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Balance of Payments Week 2 Copyright © 2012 by the Mc. Graw-Hill Companies, Inc. Balance of Payments Week 2 Copyright © 2012 by the Mc. Graw-Hill Companies, Inc. All rights reserved.

Balance of Payments Accounting § The balance of payments is the statistical record of Balance of Payments Accounting § The balance of payments is the statistical record of a country’s international transactions over a certain period of time presented in the form of double-entry bookkeeping. Note: When we say “a country’s balance of payments” we are referring to the transactions of its citizens and government. 3 -2

Balance of Payments Example § Suppose that Maplewood Bicycle in Maplewood, Missouri, USA imports Balance of Payments Example § Suppose that Maplewood Bicycle in Maplewood, Missouri, USA imports $100, 000 worth of bicycle frames from Mercian Bicycles in Darby, England. § There will exist a $100, 000 credit recorded by Mercian that offsets a $100, 000 debit at Maplewood’s bank account. § This will lead to a rise in the supply of dollars and the demand for British pounds. 3 -3

Balance of Payments Accounts § The balance of payments accounts are those that record Balance of Payments Accounts § The balance of payments accounts are those that record all transactions between the residents of a country and residents of all foreign nations. § They are composed of the following: – The Current Account – The Capital Account – The Official Reserves Account – Statistical Discrepancy 3 -4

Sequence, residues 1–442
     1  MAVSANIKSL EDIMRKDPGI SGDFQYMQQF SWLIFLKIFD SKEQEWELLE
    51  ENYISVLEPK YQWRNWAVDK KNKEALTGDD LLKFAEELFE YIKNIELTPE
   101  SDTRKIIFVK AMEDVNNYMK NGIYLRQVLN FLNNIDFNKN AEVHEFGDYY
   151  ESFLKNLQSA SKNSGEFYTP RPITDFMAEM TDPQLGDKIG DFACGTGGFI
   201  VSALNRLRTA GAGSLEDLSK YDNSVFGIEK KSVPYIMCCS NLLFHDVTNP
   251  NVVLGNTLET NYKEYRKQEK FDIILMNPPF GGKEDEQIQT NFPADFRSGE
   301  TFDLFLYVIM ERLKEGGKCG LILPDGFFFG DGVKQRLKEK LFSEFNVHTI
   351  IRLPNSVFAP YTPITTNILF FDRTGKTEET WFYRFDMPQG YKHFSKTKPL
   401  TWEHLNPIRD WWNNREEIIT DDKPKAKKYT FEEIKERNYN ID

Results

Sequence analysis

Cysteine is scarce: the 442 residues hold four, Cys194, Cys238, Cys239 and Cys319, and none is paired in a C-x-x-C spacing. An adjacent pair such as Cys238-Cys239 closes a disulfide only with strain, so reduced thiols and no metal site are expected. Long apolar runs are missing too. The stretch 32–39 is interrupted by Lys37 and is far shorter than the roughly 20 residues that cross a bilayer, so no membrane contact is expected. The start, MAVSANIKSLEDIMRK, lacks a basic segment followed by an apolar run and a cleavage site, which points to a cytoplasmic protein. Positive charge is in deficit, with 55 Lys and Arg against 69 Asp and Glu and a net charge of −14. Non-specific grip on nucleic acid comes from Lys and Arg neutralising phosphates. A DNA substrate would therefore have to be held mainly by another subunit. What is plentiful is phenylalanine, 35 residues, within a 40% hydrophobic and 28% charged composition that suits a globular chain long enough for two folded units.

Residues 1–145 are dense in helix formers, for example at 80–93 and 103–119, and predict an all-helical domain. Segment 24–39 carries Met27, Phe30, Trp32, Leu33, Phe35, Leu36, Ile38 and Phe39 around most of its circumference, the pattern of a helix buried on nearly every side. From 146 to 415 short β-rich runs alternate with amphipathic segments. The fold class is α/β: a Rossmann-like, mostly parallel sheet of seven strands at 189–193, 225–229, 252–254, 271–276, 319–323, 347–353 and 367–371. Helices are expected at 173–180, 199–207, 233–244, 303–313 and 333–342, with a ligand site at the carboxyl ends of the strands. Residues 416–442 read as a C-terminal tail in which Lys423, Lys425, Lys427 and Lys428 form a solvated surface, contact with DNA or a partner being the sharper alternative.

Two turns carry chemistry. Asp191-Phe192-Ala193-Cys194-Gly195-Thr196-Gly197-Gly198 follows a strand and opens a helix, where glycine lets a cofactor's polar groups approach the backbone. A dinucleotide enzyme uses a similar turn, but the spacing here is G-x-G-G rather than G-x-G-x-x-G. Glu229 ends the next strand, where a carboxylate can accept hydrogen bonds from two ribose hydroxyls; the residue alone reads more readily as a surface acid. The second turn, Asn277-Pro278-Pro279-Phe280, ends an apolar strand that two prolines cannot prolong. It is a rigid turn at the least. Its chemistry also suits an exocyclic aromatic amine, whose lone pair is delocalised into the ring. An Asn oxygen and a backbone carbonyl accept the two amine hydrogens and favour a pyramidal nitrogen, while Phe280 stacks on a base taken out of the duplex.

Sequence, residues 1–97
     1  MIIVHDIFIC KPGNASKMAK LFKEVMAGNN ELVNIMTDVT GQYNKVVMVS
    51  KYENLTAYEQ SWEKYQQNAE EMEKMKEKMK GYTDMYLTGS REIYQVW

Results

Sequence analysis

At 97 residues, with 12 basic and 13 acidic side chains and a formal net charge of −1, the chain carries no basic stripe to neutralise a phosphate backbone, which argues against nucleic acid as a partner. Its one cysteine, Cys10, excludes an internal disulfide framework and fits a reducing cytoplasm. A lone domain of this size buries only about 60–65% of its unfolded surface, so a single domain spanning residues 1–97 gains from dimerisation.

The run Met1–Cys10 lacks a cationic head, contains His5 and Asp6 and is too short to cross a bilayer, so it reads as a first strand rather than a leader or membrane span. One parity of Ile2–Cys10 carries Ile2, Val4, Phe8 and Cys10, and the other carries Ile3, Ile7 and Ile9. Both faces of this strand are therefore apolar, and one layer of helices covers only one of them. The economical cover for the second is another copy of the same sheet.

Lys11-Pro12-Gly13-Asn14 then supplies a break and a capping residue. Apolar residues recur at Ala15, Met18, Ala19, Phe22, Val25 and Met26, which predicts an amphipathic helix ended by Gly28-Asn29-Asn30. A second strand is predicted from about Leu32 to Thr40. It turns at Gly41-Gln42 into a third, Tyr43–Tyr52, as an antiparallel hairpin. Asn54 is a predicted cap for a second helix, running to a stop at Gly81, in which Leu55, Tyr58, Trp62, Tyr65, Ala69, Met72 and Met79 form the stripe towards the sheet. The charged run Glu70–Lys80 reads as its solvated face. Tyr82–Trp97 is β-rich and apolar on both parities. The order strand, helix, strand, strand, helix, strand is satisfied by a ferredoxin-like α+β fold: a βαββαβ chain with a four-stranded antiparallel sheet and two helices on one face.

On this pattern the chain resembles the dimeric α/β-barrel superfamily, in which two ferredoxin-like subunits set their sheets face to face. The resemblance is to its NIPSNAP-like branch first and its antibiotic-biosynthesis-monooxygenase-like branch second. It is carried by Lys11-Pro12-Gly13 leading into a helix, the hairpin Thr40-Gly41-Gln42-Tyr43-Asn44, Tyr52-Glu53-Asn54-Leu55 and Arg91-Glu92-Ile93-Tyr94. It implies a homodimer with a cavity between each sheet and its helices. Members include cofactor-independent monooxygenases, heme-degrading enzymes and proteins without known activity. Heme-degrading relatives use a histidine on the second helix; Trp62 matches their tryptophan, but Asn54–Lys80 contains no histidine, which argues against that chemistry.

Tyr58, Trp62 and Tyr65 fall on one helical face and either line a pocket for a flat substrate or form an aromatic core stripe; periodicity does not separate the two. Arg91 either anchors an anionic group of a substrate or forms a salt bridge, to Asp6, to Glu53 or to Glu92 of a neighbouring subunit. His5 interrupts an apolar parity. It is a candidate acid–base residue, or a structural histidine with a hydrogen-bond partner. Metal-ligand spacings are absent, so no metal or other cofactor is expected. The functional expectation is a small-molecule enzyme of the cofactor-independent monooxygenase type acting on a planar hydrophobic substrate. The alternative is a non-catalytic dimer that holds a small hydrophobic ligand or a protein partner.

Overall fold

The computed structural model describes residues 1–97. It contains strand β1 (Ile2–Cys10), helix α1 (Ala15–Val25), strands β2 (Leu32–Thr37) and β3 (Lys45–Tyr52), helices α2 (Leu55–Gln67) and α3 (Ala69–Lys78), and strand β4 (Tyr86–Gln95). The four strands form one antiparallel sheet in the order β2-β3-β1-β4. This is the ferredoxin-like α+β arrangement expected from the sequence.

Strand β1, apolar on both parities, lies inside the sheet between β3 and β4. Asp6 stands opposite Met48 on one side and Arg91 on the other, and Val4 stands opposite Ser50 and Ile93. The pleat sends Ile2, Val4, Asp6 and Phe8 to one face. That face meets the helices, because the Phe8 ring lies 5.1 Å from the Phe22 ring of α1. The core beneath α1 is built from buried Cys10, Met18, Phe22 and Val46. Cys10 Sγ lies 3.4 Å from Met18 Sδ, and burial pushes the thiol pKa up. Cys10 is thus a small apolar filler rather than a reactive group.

The Current Account § Includes all imports and exports of goods and services. § The Current Account § Includes all imports and exports of goods and services. § Includes unilateral transfers of foreign aid. § If the debits exceed the credits, then a country is running a trade deficit. § If the credits exceed the debits, then a country is running a trade surplus. 3 -5

The Capital Account § The capital account measures the difference between U. S. sales The Capital Account § The capital account measures the difference between U. S. sales of assets to foreigners and U. S. purchases of foreign assets. § In 2009, the U. S. enjoyed a $281. 1 billion capital account surplus—absent of U. S. borrowing from foreigners, this “finances” our trade deficit. § The capital account is composed of Foreign Direct Investment (FDI), portfolio investments, and other investments. 3 -6

Statistical Discrepancy § There are going to be some omissions and misrecorded transactions—so we Statistical Discrepancy § There are going to be some omissions and misrecorded transactions—so we use a “plug” figure to get things to balance. § Exhibit 3. 1 shows a discrepancy of $190. 9 billion in 2009. 3 -7